- BuyPicasso and Truth: From Cubism to Guernica by T.J. Clark
Princeton, 352 pp, £29.95, May 2013, ISBN 978 0 691 15741 2
‘There are the Alps,’ Basil Bunting wrote on the flyleaf of Ezra Pound’s Cantos, ‘you will have to go a long way round/if you want to avoid them.’ T.J. Clark is an Alpinist of distinction: Courbet, Manet, Pollock, Poussin, no foothills, no detours (apart from Lowry). And now Picasso. There are the Alps.
Vol. 36 No. 5 · 6 March 2014
Malcolm Bull’s review of Picasso and Truth is generous (to me, not Picasso) and cantankerous – the kind of response I would have hoped for from the author of Anti-Nietzsche (LRB, 20 February). Here’s where I think he gets things wrong. ‘There can be little doubt that the overarching context for the reception of Picasso’s work in the first four decades of the century was the Mediterranean one – in varying degrees, neoclassical, Nietzschean and reactionary.’ Really? How do any of the four key adjectives here help us with the first critical response to cubism, weird as it often was? How Mediterranean was Kahnweiler? (I dare say he thought the Forest of Barbizon was too far south.) Bull’s picture of Picasso’s reception in the 1920s and 1930s will come as a shock to readers of the surrealist magazines, which took Picasso as their revolutionary hero (‘Proudly we claim him as one of us’), and to those of us who thought till now that Carl Einstein’s essays, or Michel Leiris’s, or Breton’s, or Tzara’s, or Reverdy’s – the list of leftists on Picasso is hard to stop – were hugely better, and much more influential, than the forgotten picture book of Eugeni D’Ors. (‘Who they?’ in the case of D’Ors and Evola is a genuine question. Evola, as Bull says, had nil known interest in Picasso; and, as Bull does not quite say, was a virulent lunatic way off in right field. Pound is a different kind of madman, and he loathed Picasso instinctively. One of his bons mots was: ‘Picabia is the man who ties the knots in Picasso’s tail.’) Carl Einstein, the main author of articles on the artist in Bataille’s journal, is as pure an example of ‘left Nietzscheanism’ as one could come up with, and entirely free from fascist sympathies. Certainly there were people seriously engaged with Picasso’s work – in contrast to Evola, I mean – who might have been expected to try the Mediterranean gambit on him if they thought they could get away with it. Tériade and Zervos, for instance. Neither ever dared.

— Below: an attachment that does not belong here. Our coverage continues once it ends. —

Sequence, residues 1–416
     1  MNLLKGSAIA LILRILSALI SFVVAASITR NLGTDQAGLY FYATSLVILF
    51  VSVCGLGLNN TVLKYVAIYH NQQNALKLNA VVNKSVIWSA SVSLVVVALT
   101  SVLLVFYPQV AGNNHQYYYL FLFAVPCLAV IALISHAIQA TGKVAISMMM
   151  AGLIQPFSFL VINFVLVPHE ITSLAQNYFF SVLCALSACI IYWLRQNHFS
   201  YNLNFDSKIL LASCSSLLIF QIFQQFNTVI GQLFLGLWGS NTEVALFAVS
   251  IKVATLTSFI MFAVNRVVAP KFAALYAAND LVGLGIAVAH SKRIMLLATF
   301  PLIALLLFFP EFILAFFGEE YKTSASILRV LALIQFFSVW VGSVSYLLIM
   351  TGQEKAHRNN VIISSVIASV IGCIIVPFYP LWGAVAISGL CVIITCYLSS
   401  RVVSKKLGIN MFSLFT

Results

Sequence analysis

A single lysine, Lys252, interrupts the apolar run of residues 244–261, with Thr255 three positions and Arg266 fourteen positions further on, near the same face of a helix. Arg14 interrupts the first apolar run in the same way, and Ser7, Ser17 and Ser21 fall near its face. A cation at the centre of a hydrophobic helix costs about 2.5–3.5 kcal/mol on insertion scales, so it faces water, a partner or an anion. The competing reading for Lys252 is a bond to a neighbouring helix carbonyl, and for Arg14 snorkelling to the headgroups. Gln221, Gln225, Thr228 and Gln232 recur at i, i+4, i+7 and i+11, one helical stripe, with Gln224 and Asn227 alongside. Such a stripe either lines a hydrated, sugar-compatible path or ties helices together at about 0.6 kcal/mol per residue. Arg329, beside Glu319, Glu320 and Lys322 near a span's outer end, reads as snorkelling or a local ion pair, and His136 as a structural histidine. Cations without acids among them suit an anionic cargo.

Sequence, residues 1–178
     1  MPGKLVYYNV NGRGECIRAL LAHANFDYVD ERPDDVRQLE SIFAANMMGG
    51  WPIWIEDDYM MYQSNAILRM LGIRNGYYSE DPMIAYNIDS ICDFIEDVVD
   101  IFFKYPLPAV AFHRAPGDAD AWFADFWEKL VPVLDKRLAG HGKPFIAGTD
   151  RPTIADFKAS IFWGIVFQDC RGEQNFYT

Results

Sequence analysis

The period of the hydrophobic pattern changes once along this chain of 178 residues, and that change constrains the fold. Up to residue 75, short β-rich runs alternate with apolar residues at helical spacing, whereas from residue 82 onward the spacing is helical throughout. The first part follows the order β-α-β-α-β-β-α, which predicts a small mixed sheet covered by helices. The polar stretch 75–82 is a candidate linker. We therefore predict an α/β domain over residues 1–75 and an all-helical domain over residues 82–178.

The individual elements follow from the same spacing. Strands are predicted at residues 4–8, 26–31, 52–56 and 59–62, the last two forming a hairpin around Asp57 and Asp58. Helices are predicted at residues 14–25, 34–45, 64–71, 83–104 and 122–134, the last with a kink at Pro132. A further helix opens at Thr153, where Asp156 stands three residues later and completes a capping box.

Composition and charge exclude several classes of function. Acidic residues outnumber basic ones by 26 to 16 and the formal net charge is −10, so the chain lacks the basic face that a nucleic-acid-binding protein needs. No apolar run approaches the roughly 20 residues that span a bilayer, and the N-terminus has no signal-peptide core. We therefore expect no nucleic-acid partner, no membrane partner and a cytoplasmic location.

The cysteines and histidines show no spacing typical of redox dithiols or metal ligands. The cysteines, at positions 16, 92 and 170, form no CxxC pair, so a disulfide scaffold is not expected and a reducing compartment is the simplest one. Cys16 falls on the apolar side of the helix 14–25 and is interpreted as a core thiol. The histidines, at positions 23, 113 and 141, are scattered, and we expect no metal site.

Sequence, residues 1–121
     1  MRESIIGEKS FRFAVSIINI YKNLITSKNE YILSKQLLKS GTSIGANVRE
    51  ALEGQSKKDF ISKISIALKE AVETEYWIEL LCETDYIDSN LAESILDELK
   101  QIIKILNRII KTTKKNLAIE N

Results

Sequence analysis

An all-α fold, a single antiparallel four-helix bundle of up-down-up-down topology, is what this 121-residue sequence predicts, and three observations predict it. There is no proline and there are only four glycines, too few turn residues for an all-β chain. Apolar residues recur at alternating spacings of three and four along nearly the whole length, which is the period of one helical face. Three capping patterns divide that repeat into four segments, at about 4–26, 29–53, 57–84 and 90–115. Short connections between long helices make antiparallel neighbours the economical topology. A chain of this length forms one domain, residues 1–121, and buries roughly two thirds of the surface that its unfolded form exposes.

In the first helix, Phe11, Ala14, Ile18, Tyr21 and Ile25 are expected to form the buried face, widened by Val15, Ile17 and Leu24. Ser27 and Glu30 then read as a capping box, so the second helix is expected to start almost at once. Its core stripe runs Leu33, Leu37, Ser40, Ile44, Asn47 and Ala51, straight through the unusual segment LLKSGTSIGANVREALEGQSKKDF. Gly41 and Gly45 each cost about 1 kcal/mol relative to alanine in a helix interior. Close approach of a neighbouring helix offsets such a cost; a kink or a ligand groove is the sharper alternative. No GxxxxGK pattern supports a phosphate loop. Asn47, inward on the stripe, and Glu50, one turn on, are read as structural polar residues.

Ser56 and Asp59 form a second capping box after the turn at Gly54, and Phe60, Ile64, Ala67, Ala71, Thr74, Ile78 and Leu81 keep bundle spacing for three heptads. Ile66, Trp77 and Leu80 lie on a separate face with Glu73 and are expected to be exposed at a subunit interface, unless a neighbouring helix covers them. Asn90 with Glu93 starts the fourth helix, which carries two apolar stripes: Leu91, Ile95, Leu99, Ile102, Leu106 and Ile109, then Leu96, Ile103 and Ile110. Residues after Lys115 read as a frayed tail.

You’d hardly guess from Bull’s account of interwar culture that the lure of fascism for Paris intellectuals was more than countered by the siren-call of Stalinism; or that it is entirely unsurprising – the end of a long, ordinary, all too representative story – that in 1944 when Picasso finally decided to ‘take a position’ it was alongside Paul Eluard and the French Communist Party.
Not that this seems to me the key to the mystery either. Bull’s whole apparatus of guilt by association – it would not be fair to the real thing to call it ‘contextualism’ – ends up leaving Picasso untouched. I’m with Breton in believing that Picasso was ‘a man whose decisions seem in certain respects to have set everything in motion, for only apparently have they decided the destiny of painting; they concern, to the highest degree, thought and life at large’; but also – Breton again – that one doesn’t get to first base with Picasso unless one concedes, a little ruefully, that he was ‘bien au-delà de tous ceux qui l’entourent’. Picasso belonged to his times, not to his (or anyone else’s) miserable art-world. And the more complete an artist’s exposure to the movement of history – the deeper his negative capability, we used to say – the truer it is that our only hope as critics is to focus on the work itself. The risk, I recognise, is to move too close to Picasso’s heightened rhetoric: the risk Bull calls ‘complicity’. But I prefer that to dragging him down among the fascist non-entities.